There are 4 habits I recommend you to practice daily. They serve me as a solid foundation for any complex goal:

Seeing the things in a positive way: for me, the glass is always half full. There are enough obstacles out of my control, so I don’t need to compound the situation by letting my mind work against me.

Eating well: healthy food makes you feel well, energized and motivated. If you eat crap, you feel like a crap.

Sleeping enough: if you don’t load your batteries, don’t expect to perform at the highest level.

Exercising: we became stationary, spending our time in front of computers and behind the desks. If you don’t stimulate your body and make it do things it was meant to, then your performance decreases and so does your ability to achieve big goals.

The whole list of my daily essentials can be found here, the aforementioned four is a must, no matter what.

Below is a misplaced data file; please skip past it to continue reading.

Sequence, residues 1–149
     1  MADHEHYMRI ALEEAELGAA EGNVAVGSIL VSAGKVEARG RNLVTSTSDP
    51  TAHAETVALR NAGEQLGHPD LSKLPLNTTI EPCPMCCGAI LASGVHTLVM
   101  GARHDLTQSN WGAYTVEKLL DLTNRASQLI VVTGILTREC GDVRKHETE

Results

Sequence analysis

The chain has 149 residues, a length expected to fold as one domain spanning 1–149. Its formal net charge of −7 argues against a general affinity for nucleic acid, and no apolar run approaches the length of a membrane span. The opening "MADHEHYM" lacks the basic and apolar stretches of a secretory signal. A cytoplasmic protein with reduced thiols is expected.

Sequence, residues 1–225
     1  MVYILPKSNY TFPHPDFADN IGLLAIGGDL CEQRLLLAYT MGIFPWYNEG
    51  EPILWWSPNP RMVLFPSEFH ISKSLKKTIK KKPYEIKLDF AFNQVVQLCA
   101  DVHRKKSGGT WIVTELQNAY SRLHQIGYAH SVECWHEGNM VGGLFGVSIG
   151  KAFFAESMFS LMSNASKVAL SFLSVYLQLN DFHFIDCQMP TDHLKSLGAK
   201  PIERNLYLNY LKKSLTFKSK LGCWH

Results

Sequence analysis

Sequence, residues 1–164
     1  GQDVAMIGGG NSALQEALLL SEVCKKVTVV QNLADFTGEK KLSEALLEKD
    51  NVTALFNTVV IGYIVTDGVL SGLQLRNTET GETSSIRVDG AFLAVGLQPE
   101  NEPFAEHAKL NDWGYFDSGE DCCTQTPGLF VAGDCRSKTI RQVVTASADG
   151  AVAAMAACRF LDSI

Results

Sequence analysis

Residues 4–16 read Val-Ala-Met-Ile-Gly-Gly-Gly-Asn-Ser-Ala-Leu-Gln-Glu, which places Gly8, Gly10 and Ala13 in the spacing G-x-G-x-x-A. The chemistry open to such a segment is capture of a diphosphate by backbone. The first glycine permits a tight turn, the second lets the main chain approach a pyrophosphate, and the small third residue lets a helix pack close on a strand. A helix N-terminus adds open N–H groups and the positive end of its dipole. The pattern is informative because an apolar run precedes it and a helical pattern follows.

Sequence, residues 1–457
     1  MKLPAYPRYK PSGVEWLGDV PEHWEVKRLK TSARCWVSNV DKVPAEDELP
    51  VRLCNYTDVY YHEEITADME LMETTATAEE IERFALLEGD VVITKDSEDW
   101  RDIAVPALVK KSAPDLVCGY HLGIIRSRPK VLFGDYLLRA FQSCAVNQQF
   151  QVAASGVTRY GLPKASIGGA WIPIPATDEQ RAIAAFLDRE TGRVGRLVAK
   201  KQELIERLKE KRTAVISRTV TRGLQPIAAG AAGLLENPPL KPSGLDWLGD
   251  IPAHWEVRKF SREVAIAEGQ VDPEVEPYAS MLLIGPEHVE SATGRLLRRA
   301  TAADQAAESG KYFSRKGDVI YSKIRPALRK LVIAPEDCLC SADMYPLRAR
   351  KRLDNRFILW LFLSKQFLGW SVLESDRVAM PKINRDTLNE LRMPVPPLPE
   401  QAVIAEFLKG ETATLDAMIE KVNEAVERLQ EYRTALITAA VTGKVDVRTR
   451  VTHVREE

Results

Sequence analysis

4. Eliminating the garbage

Often, the main cause of procrastination is the paralyzing overabundance of tasks to do. The more goals you set, the harder it is to start. You don’t know where to begin and what to focus on. The overwhelming amount of things to accomplish creates the compelling urge to put them off until someday.

Solution?

Eliminate ruthlessly. Clear your to-do list. Get rid of the garbage so you can focus on the one thing. In order to beat procrastination, you have to make it childishly easy to start. If making the first step overwhelms you, you will never get any far.

The rule promoted by Gary Keller in his book “The One Thing” is as follows: start your work by asking yourself a simple question:

“What is the one thing you can do such that by doing it everything else will be easier or unnecessary?”